Kiribati
Project info

The tiny Pacific nation of Kiribati is among countries that are most vulnerable to the climate change. Sea level rise, coastal erosion, soil salinisation and extreme weather events already proving climate change scientists' worst prediction that the country might disappear under the sea in decades.
The best example that the climate change is real is seen in Tebunginako village in Abaiang atoll. The village is called by the country's government a "barometer for what Kiribati can expect in the future". Since 1970s the villagers have seen the sea rise. Eventually the erosion was so great that the major part of the village had to be abandoned.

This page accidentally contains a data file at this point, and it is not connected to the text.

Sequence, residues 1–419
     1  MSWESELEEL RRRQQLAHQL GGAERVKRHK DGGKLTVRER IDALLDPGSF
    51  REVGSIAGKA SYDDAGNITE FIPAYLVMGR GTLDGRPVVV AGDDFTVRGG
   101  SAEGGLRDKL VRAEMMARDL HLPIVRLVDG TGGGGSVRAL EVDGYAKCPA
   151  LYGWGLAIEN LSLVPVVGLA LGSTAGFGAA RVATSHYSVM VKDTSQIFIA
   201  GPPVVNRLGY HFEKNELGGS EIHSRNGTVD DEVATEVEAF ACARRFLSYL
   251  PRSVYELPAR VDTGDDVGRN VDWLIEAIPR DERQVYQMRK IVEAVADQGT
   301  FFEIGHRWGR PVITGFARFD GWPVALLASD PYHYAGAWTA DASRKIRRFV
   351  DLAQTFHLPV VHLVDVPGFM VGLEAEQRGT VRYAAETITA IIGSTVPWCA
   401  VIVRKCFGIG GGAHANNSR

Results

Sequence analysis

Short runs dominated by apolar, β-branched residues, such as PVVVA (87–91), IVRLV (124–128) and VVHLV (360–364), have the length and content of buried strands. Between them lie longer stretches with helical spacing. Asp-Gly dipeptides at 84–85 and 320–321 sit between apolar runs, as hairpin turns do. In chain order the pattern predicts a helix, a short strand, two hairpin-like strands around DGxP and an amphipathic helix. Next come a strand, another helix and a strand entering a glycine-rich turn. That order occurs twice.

In South Tarawa, which is Kiribati official capital, some villages also slowly dissipating under the sea water. Among others, Tebikenikoora village suffers from flooding every high tide. Before the high tide events locals park their cars on a high areas of the village and stay in their homes. Trying to fight the fate, the country’s government started Kiribati Adaptation Program. In 2011 over 37000 mangroves were planted in North and South Tarawa as well as in other atolls of Kiribati.
Although there are still debates among the scientists about what exactly causes the sea level rise, Kiribati government is already has been looking for a place to relocate the entire nation if the country disappears under the sea. Kiribati purchashed land in Fiji for $8.77 million in May 2014 where its residents would be relocated in the event that sea-level rise drowns the Pacific island nation and displaces its population of just over 100,000 people.